Rendell: Energy is key to future of Pennsylvania

August 23rd, 2007 Susan Crowell

ROCK SPRINGS, Pa. – Pa. Gov. Edward Rendell makes no bones about it: He wants Pennsylvania to lead the country in developing renewable fuels. And he wants to do it now.
Rendell found a supportive audience at last week’s Ag Progress Days, where more than 800 people gathered to hear the governor speak at the invitation-only Government and Industry Day luncheon.
Economic key. Brushing aside worries that Pennsylvania is a corn-deficit state, Rendell said he wants the commonwealth to be the top state in production of alternative, renewable fuels.
“In the next 25 years, economic viability will be determined by who gets in the forefront of alternative energy,” Rendell said.
“It’s where the money is, it’s where we need to be.”
Corn prices move on a national, not local, market, he said in response to livestock producers’ concerns about rising feed costs because of the ethanol demand. There will be the same movement in the corn market whether Pennsylvania produces ethanol or not.
Pushing Pa. fuels. Rendell asked for support for his PennSecurity Fuels Initiative, which includes an investment of $30 million in the production and infrastructure development of alternative fuels.
The initiative also calls for 1 billion gallons of renewable fuels like ethanol and biodiesel sold at Pa. pumps – replacing an amount equivalent to what the state is expected to import from the Persian Gulf 10 years from now.
By the end of the year, Rendell said, Pennsylvania is expected to have an annual production of more than 60 million gallons of biodiesel, with more than 170 million gallons in production by the end of 2009.
Likewise, when the state’s five ethanol plants currently under construction come on line, Pennsylvania will have production capacity of 340 million gallons per year.
“We’ve got to become energy self-sufficient,” Rendell said. “It’s key to our economy.”
Bond issue. But while the governor receives gold stars for his rhetoric, support is mixed for his proposed $850 million energy-independence bond issue, funded by a utility-usage surcharge of about 45 cents a month for residential customers and $300 per year for businesses, with a $10,000 cap for industries.
The proposal was part of the state’s budget debate that was shelved to move budget discussions, but Rendell has called a special legislative session on energy Sept. 17 to bring the issue back to the table.
Farm bill update. In addition to the governor, the Ag Progress Days luncheon drew the two U.S. senators from Pennsylvania, Arlen Specter and Bob Casey. Both addressed with the pending farm bill in the Senate.
Specter was unapologetic for not voting for the 2002 farm bill, saying “it was very heavily tilted toward subsidies.”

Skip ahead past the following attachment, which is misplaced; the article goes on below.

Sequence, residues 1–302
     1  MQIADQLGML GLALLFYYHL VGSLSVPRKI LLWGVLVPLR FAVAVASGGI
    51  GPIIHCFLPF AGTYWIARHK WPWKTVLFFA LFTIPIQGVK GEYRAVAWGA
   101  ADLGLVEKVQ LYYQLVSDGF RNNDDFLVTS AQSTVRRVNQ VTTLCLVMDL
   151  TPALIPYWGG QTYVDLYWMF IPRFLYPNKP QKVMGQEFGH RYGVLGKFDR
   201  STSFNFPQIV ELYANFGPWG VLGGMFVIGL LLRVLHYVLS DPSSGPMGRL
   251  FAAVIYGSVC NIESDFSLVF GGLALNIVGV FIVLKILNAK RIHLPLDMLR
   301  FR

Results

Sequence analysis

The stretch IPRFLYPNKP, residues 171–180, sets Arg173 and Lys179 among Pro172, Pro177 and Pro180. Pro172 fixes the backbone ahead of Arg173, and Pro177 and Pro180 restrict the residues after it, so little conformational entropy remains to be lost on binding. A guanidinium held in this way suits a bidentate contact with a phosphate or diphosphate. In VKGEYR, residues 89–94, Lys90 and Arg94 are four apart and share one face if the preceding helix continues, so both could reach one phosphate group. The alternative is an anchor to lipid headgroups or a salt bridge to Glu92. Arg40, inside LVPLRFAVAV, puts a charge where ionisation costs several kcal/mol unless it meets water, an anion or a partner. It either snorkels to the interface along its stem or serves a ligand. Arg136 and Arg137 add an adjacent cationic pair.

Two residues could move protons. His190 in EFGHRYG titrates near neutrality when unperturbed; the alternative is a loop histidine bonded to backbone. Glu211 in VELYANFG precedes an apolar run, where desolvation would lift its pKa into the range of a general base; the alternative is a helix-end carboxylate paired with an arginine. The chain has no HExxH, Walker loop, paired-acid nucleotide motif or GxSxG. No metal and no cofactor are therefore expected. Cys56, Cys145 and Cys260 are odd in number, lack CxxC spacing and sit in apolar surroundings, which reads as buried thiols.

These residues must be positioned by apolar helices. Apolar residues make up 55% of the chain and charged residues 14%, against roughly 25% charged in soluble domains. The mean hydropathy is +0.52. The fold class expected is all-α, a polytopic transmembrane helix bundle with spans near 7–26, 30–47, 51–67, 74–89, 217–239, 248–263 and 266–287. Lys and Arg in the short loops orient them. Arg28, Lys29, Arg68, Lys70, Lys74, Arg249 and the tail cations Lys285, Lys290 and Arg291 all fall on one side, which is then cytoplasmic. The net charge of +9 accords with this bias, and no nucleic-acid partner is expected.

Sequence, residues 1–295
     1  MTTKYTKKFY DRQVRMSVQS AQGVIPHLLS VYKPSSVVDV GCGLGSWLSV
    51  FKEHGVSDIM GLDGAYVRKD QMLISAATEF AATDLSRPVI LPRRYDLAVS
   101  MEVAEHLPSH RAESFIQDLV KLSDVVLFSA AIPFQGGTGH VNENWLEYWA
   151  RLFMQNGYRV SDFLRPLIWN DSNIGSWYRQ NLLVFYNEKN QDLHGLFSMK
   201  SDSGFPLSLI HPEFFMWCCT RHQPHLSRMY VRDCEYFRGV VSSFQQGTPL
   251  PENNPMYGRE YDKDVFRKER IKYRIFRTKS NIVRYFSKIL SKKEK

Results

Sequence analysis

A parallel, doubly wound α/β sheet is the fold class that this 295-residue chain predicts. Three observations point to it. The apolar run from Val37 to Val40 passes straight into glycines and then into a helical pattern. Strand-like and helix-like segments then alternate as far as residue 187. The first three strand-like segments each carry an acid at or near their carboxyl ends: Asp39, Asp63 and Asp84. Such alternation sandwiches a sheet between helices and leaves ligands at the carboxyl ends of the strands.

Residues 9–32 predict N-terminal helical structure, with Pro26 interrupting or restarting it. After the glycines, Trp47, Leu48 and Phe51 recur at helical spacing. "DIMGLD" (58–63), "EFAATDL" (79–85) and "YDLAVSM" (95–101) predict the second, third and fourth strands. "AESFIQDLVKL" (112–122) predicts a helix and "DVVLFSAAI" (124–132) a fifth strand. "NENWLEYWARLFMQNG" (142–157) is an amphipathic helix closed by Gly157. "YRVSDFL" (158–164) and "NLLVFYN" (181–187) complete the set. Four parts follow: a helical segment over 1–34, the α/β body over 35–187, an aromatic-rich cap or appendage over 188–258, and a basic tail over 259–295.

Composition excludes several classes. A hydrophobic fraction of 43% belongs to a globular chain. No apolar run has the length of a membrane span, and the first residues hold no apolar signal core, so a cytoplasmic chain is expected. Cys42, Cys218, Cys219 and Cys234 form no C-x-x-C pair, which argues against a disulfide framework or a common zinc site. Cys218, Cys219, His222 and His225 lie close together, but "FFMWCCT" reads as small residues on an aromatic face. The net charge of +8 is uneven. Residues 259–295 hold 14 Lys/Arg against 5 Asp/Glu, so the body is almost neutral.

This time around, Specter said, the farm bill must better fit the diversity of Pennsylvania agriculture.
Casey, a first-term Democrat, agreed with his Republican counterpart, and said the new farm bill must acknowledge “regional equities.”
The Senate ag committee member said Pennsylvania is an underserved state in terms of crop insurance, conservation program funding and commodity program funding. The next farm bill must shift priorities from Midwestern grains to varied interests so support is more equitable, Casey said, “so the people of Pennsylvania get what they deserve.”
Casey is working on adding a specialty crop title to the Senate version of the farm bill. He also outlined his other farm bill priorities for the Ag Progress Days crowd: farmland preservation; additional funding for Chesapeake Bay conservation/cleanup efforts; increased funding for food stamps; and renewable fuels.
“We’re going to work to get it right this time,” Casey said.
Also attending. The luncheon lineup also included state Attorney General Tom Corbett; state Sen. Mike Brubaker and state Rep. Mike Hanna.
Brubaker and Hanna are chairs of the Agriculture and Rural Affairs committees in their respective chambers.
Penn State University President Graham Spanier and Robert Steele, dean of the College of Agricultural Sciences at Penn State, also spoke. U.S. Rep. John Peterson also attended.
Also on Aug. 15 at Ag Progress Days, the House Agriculture and Rural Affairs Committee and the House Education Committee held a joint town meeting to address agricultural education and careers.
(Farm and Dairy Editor Susan Crowell can be reached at 800-837-3419 or at

Disaster relief an ace in the ag hole

August 9th, 2007 Alan Guebert

About 10 seconds after the Democrats reclaimed the House of Representatives last November, Collin Peterson, the Minnesotan who would lead the chamber’s Ag Committee come January, began to think about the 2007 farm bill.
About 10 seconds later, Peterson made it known that a key item on his farm bill wish list was a permanent disaster program to assist farmers and ranchers hit by weather calamities.
A permanent disaster program has always been a worthy, much-talked about idea. After all, rare is the season across America’s vast, fruited plains that droughts, floods, blizzards or worse don’t whip, wallop or wipe out farmers and ranchers.
Later. For decades, however, Congress and the White House responded to these natural devastations on an ad hoc – Latin for “I’ll worry about it when it happens” – basis.
This Scarlett O’Hara School of Management approach is about as smart and helpful as planning for retirement after you retire. Moreover, Congress has spent years ad hoc-ing – cobbling together – weather-related relief for farmers.